Perhaps disappointingly, neither Dwight Macdonald on Film (New York: Berkeley Books, 1970. $1.50) nor Stanley Kauffmann's new collection, Figures
of Light (New York: Harper & Row, 1971. $7.95), offer any explicit, coherent view of the new relations developing between art and audience, though they are our two most socially concerned critics. Macdonald was famous for his own attempt at classification, his formula of masscult and midcult and kitsch . But as far as analytical ideas go, he cheerfully confesses that "being a congenital critic, I know what I like and why. But I can't explain the why except in terms of the specific work under consideration, on which I'm copious enough. The general theory, the larger view, the gestalt—these have always eluded me." He then trots out a number of rules of critical thumb, but only to prove his honesty by showing how they don't work. It is only in a piece about comedy that he is less diffident, and works out some general principles (he calls them "rules"); but these could apply to novels or plays just as well as to films. His long and careful commentaries on Soviet film, written in the thirties and forties, are to my mind excellent cultural criticism of a kind we also could use, but they don't contain anything original about film style.
Kauffmann, though he is concerned with the new audiences and the delicate balances between commercial hype and genuine novelty in "youth" films, isn't willing to venture any general ideas about what is going on, either; at the end of his new book he takes refuge in the vague notion that "standards in art and life are becoming more and more congruent." In a day when survival is a catchword, it may be true that criticism should select and appraise "the works that are most valuable—most necessary—to the individual's existence ." But how do we know which works those are? To determine this, we need ideas about the society we must survive in, the role of art in it, how we "use" art, and what makes art "useful."
The virtues of Manny Farber (Negative Space . New York: Praeger, 1970. $7.95) have usually been taken to be those of the wise tough guy who looked at movies for their secret pleasures—those precious moments in the action flicks when a clever actor and a "subversive" director got together either to spoof the material or give it an instant of electric life. He liked plain, grubby stories, and he was allergic to pretensions at all levels, including those of auteurists; he could write of Hawks's Only Angels Have Wings as a "corny semi-catastrophe" and conclude that "No artist is less suited to a discussion of profound themes."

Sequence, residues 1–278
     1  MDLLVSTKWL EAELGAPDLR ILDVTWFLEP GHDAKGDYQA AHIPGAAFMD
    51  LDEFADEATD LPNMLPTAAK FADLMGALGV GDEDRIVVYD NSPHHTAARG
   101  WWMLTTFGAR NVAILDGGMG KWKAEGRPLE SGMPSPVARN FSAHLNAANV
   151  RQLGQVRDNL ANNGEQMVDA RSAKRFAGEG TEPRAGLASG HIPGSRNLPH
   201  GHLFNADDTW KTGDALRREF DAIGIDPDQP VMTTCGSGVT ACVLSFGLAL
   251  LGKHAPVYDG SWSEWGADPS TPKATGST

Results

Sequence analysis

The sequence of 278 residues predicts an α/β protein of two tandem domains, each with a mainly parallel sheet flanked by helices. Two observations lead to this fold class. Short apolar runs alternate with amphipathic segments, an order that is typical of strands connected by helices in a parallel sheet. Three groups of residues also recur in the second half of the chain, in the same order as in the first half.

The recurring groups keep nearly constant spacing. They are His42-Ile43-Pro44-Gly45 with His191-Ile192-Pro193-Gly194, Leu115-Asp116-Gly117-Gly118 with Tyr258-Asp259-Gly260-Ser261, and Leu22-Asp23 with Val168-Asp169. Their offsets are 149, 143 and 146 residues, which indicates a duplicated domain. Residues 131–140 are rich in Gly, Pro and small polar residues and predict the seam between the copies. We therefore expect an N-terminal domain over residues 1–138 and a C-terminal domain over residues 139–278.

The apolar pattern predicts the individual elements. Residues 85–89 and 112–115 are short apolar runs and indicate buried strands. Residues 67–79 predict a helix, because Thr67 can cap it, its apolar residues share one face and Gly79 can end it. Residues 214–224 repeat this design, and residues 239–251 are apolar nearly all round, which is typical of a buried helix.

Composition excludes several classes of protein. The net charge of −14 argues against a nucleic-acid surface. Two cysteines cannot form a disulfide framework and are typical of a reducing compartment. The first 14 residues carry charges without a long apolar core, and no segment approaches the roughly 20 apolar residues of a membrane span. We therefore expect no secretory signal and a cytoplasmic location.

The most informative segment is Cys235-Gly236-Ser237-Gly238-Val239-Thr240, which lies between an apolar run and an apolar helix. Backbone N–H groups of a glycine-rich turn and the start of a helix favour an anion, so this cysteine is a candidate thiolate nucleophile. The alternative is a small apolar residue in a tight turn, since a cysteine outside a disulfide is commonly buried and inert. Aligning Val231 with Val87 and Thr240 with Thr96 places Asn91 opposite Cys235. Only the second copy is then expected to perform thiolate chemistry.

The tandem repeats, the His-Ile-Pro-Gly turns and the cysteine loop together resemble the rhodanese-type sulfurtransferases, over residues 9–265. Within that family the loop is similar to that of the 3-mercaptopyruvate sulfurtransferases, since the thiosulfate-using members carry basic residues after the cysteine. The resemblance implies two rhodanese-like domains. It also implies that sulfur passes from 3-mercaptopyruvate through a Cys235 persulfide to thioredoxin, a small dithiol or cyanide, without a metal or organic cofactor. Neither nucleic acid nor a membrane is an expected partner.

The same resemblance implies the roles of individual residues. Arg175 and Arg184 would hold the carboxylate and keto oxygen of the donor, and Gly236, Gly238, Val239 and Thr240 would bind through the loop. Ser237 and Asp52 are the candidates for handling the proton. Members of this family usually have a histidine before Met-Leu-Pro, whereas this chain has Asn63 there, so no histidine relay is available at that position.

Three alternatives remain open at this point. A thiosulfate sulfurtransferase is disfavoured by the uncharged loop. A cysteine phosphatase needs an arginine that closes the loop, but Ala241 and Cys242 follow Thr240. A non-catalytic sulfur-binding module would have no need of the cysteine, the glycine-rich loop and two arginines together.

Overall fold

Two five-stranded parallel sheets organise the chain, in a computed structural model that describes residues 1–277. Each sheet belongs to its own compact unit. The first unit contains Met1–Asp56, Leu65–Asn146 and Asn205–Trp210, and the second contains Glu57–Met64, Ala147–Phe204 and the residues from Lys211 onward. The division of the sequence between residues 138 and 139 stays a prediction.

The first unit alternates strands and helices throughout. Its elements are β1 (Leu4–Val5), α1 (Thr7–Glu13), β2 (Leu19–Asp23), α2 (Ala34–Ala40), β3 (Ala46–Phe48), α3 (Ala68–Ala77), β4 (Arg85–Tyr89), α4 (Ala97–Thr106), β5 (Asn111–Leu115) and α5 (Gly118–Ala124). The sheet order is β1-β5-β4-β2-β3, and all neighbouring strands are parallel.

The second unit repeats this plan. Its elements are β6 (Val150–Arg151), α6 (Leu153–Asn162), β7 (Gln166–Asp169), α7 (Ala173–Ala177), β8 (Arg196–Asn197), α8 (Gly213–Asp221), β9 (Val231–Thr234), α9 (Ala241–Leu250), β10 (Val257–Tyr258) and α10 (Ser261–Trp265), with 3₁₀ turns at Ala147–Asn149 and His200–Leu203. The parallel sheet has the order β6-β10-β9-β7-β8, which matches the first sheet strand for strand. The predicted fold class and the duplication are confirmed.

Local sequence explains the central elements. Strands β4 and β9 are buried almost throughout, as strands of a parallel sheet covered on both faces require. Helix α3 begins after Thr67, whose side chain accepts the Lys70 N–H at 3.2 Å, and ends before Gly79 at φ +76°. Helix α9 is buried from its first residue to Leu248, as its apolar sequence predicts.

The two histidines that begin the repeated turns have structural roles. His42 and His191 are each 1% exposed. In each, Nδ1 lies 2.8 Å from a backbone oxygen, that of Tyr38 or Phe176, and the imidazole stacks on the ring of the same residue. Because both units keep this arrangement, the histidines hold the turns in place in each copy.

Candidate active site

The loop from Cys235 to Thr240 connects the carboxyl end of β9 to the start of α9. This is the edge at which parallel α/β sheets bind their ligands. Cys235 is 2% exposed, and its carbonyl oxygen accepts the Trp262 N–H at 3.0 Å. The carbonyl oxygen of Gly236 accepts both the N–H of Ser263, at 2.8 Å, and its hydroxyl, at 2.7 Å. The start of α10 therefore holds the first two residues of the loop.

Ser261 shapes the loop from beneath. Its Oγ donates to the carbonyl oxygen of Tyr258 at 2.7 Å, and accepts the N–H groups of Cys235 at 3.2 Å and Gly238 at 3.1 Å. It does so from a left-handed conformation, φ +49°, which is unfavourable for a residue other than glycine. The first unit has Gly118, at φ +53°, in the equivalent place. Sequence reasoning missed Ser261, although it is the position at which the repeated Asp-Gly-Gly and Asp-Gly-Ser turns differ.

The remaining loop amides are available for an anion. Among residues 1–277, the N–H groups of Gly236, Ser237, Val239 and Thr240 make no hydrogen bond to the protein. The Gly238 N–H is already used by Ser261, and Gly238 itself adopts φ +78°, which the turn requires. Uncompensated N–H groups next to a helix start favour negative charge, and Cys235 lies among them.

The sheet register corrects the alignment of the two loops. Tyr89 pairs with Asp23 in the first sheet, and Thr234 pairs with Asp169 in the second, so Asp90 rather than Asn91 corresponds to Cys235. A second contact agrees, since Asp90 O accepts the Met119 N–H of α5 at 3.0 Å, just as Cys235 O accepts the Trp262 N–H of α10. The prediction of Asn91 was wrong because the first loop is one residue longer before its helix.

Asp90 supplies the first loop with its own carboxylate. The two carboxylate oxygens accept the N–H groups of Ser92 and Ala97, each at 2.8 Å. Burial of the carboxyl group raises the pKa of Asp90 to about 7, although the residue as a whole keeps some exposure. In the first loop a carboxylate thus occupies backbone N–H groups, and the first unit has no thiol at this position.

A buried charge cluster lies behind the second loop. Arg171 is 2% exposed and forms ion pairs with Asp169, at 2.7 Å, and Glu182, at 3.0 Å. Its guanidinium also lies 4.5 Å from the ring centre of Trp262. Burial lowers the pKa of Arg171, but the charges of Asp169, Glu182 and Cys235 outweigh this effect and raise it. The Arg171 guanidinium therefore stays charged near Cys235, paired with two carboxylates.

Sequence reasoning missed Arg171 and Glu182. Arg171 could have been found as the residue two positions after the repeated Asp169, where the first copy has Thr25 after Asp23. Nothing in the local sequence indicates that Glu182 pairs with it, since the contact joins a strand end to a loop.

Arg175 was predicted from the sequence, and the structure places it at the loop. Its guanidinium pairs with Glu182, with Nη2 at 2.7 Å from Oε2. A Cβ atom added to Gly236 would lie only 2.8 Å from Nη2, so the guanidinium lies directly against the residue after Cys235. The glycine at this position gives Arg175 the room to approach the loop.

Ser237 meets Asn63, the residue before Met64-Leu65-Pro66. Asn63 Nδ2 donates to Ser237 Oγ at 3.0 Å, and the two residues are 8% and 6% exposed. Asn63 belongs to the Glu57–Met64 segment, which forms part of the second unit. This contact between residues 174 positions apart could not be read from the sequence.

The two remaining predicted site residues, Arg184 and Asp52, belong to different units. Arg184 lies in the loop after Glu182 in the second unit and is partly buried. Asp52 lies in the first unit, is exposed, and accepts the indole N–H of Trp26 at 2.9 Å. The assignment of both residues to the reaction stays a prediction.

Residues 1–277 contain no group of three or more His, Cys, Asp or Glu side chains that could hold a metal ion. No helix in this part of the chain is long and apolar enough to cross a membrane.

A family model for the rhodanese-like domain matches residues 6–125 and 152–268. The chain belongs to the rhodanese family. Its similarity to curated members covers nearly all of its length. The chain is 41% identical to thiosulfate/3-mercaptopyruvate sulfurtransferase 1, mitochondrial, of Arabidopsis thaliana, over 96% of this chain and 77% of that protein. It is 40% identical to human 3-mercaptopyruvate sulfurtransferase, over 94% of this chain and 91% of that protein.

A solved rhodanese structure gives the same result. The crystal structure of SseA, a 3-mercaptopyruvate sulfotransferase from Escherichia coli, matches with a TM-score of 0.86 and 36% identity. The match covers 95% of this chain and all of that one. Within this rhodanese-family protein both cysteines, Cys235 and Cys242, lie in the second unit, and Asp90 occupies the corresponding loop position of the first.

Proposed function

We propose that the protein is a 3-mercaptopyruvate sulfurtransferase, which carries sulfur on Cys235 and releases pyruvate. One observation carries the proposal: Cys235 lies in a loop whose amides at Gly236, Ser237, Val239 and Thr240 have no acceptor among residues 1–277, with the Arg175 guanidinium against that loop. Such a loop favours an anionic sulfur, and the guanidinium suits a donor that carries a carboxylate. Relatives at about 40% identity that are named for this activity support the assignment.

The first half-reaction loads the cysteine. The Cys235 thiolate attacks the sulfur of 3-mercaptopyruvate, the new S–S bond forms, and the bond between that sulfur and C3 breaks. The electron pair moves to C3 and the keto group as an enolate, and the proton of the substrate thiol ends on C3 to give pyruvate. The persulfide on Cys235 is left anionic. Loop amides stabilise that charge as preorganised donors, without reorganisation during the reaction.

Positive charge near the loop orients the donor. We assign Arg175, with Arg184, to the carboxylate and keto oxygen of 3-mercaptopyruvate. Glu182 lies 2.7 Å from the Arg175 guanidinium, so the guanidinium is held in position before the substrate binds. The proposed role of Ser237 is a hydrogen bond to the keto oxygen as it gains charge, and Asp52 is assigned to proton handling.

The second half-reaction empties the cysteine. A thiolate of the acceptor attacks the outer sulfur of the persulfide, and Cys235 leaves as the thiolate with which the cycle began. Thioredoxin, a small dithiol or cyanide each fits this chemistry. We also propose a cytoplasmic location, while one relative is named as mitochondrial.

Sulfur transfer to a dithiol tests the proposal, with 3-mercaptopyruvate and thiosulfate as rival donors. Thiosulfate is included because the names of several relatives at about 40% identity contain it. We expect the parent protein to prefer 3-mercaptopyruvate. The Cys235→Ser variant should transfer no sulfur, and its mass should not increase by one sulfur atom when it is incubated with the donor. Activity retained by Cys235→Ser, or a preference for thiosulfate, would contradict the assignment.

But there's more to Farber than that. Farber hates what has been happening to movies since about 1950, but that doesn't really matter; he could just as well have loved it—except that adoration has a tendency to blur vision. What counts is that he notices what has been happening, and indeed has been more willing than any other critic to try and elaborate on it in fairly general terms. If he might be called an aesthetic reactionary, at least he's a conscious and articulate one. Like Bazin, of whom one perhaps hears faint indirect echoes in
Farber from time to time, he believes in realism. The excitement of action films comes from the fact that they confront us with the gutty, tough, cynical inhabitants of the American lower depths caught on the fly in miscellaneous unhallowed adventures, racing through stories of greed and desperation under the guidance of skilled and modest craftsmen. Appreciation of such films is a kind of shock-of-recognition operation—the film whirls you through its itinerary and here and there you notice things that matter, because they are real . Farber would never presume to hope for what Bazin saw in neorealism—whole, finished works of dense and convincing realism—but he would have wanted it if he thought it could happen here.